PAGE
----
iPads Revisited

I will confess to being less than an iPad advocate.  I’ve spent 20 plus years working on the development and optimization of 1:1 laptop programs (starting with the deployment of sixty Apple eMates to fourth graders), and we’ve worked very hard to resolve Mac and Windows imaging issues, file compatibility problems, cases, repairs, classroom management, faculty training and buy in, and more.  The thought of tossing all that for large iPod devices seems strange

At the bottom of it, I guess the “typing question” drove me nuts.  Personally, I couldn’t do more than a two sentence email or blog post on an iPad or iPhone, and I couldn’t imagine a primary academic tech tool that would forget about writing and composition.  I go even farther back on that topic– it’s a foundation stone of computers in schools, period.

All that said, I am now writing this blog post at nearly normal speed on an iPad2.  I was impressed by the 1:1 iPad discussions on ISEN-L and the ISEN Ning, and I heard of a new case with keyboard for iPads that actually may have a 60 wpm keyboard.  I ordered two of these Zagg Portfolio Cases for iPad2 and 3.

Zagg Portfolio for iPads

Zagg Portfolio for iPads

After a few days, I’m mostly impressed.  The keyboard is supposed to last 2 weeks on a charge, and I will know that in two weeks.  The keyboard isn’t bad, but some behaviors are still unpredictable.  For example, writing this in WordPress is causing a double letter each time the text editor wraps the end of a line, but that could be a browser issue.

In the end, I guess we are all after tech that is easier to use, or gives us more creative options.  If you look at the iPad only for the things it can’t do, then it’s a loser out of the gate.  (No flash, poor Google Docs, many pages don’t work right, etc.).  However, if you look at it in terms of easier management, more flexibility, less weight, fast boot time, the two strong cameras in the iPad 3, the developing digital textbooks, the developing touch and stylus software, and more, then the idea of a type of program starts to take shape.

More on this later– there are many problems to consider first, but this keyboard that works is a great start.  (Hey, I think I just figured out how to avoid some of the challenges of typing in this editor as well– the learning continues…)



Haiku Update

We now have over three hundred users who have tried or are partially using Haiku in parallel with our Moodle 1.9 system.  We still have some issues to work out (such as allowing the Veracross API sync not affect our Google Docs users names), but otherwise the system is running well.

After Spring Break, we plan to discuss the pros and cons of the two systems further.  One issue of concern is that the transfer of data from Moodle 1.9 to Haiku could be a challenge.  Some of our hundreds of Moodle courses have over a gig of data in them, and early attempts at importing a Moodle 1.9 backup into Moodle 2.1, and then exporting as a Moodle 2.1 backup for import into Haiku were fairly rough.  At first, only small classes seemed to work, but recently a 120 meg class went over fine (but not quizzes and assignments).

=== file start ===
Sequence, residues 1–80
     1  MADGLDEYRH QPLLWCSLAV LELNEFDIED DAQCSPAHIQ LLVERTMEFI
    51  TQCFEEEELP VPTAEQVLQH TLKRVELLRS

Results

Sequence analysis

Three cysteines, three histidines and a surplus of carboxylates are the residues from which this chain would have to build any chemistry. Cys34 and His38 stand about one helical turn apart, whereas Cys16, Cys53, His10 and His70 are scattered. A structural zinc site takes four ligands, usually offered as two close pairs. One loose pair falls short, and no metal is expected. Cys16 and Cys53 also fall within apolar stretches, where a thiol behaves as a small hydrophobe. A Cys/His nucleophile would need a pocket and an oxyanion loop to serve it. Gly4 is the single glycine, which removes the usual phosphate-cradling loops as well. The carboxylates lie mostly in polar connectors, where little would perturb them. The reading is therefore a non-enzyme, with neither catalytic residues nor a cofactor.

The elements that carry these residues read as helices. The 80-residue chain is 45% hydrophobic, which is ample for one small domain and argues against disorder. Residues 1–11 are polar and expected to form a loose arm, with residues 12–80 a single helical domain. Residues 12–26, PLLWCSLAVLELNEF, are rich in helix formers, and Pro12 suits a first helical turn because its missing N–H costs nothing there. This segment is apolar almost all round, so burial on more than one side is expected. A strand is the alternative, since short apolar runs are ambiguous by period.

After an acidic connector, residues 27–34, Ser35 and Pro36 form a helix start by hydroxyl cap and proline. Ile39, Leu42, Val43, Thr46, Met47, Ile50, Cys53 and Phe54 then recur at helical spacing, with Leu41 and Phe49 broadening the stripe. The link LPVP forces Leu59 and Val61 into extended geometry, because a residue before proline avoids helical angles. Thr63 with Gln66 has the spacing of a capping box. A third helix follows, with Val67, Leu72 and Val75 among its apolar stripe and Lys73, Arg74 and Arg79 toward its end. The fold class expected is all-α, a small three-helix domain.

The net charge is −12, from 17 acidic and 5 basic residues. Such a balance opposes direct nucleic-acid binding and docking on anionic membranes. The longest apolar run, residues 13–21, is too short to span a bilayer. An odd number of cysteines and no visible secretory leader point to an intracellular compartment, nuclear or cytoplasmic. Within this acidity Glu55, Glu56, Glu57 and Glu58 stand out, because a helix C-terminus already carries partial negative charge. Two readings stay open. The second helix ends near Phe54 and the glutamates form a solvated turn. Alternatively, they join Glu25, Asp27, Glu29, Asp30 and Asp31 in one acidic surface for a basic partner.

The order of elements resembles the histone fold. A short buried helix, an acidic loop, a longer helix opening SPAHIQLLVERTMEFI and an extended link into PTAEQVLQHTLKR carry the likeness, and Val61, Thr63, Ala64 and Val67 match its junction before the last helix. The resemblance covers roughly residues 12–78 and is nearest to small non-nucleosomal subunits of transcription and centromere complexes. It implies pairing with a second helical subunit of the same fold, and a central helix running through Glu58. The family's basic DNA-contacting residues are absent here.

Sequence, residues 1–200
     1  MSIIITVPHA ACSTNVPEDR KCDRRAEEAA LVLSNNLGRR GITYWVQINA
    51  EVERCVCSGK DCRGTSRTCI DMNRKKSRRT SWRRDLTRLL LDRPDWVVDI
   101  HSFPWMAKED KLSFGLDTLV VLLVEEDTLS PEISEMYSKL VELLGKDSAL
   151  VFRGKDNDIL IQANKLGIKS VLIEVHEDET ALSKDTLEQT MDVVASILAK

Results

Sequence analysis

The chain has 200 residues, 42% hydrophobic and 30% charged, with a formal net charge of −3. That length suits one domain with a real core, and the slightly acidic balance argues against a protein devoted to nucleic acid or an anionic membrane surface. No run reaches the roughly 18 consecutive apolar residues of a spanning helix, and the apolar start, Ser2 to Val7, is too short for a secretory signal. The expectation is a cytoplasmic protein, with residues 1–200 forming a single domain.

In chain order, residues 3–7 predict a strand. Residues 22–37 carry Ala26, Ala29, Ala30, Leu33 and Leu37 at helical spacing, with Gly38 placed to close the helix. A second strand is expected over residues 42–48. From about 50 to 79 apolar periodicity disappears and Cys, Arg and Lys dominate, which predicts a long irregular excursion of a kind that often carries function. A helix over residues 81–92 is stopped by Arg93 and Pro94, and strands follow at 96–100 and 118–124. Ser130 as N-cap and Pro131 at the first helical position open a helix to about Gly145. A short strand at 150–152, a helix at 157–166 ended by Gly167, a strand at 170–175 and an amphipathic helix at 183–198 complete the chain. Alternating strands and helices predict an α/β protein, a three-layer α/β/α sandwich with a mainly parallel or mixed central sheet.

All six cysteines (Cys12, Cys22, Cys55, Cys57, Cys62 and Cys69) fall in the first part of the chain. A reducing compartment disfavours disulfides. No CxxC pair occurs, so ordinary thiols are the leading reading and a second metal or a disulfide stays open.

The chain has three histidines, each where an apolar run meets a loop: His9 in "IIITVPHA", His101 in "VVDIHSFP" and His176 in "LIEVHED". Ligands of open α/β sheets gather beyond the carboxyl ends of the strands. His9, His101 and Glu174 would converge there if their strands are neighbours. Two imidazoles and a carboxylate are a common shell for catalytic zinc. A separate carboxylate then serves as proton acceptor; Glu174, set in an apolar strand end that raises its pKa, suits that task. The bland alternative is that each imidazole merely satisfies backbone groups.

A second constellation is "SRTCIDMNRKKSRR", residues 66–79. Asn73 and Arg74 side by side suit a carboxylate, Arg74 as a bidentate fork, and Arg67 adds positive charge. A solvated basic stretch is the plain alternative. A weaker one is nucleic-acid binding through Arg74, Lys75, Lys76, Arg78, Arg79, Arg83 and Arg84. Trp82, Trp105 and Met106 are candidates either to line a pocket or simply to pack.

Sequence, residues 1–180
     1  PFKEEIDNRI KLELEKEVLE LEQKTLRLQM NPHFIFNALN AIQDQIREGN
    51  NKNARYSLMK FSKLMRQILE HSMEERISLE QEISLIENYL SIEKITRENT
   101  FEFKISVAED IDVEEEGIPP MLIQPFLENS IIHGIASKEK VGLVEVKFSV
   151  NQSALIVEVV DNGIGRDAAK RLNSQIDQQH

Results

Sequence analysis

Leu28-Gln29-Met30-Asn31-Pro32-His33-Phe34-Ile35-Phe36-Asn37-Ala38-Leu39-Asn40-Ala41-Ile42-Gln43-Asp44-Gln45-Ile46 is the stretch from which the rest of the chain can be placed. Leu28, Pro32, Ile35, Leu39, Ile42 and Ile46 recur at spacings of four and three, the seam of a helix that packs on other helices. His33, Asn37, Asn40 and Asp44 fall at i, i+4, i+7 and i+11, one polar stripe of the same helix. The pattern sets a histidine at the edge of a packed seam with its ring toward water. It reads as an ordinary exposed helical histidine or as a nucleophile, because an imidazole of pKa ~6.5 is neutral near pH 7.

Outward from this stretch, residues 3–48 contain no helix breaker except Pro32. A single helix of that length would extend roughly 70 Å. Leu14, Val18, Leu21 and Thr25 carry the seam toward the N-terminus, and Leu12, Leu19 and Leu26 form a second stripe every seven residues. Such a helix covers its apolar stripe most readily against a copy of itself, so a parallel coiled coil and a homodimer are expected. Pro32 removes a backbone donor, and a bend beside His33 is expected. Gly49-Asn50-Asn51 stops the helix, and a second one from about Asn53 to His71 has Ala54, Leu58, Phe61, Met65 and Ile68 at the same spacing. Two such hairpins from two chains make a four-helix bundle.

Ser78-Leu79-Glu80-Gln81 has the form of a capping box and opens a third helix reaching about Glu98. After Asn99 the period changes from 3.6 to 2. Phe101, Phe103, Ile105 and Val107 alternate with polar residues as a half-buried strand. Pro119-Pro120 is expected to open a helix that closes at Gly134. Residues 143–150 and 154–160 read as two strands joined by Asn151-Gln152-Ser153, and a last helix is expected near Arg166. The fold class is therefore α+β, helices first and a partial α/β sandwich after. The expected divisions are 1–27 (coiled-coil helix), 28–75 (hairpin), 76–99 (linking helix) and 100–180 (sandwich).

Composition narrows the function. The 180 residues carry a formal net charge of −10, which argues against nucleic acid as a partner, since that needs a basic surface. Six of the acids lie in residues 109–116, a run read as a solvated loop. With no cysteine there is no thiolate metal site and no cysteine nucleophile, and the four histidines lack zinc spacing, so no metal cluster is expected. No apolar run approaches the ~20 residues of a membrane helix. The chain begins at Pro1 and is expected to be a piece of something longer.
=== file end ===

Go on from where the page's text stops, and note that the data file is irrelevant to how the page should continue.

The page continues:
It may be that Haiku has improved their import feature, so maybe we will be about to use the backup import process more.  Our fall back solution is to hire an alumni for the summer to manually move data over, which would likely work but be very tedious.

One other Haiku point– we like the integration with Google Docs, but in order for that to work the authentication for Haiku needs to be done via Google Docs.  We started this school year with an SSO from Finalsite being our entry into Google Docs (which created some “stacking issues” in that some other applications like Picasa would work from the Google Docs (SSO) authentication, and others (like Noodletools) would not (unless we had a real, non-SSO authentication in Google Docs).

So, we plan to split off Google Docs from the SSO this summer and make it an independent authentication agent, and have Haiku hang off of it as a service.  This is a little weird, given that our current Moodle system is independent but authenticates off of AD, but we think it’s the right course forward for the most consistency for additional services (like Noodletools) becoming part of an integrated web services platform for teachers and students.

Phone System Update

We’ve placed the order for the Digium Switchvox system, which will include some of each of their three new handsets and a cold swap core.  We submitted extention information last week, and we hope to have the core installed in a week or two.  Our installers are also providing three loaner Polycom handsets for testing, as well as three SIP trunks and DDIs so we can run the system in parallel with our current system for a couple of months of testing and fine tuning before a cut over at the end of June (or sooner, based on testing).

We are curious about the SIP trunks.  I believe we have enough bandwidth on our 100 mbit Internet fibre for the calls, and our Palo Alto box should be able to protect 10 percent or more of the pipe for calls when needed.  I hope that just three handsets and lines will give us enough to test the SIP trunks before we cut over, in case we are so impressed that we don’t want to continue using our current circuit (which is relatively expensive).

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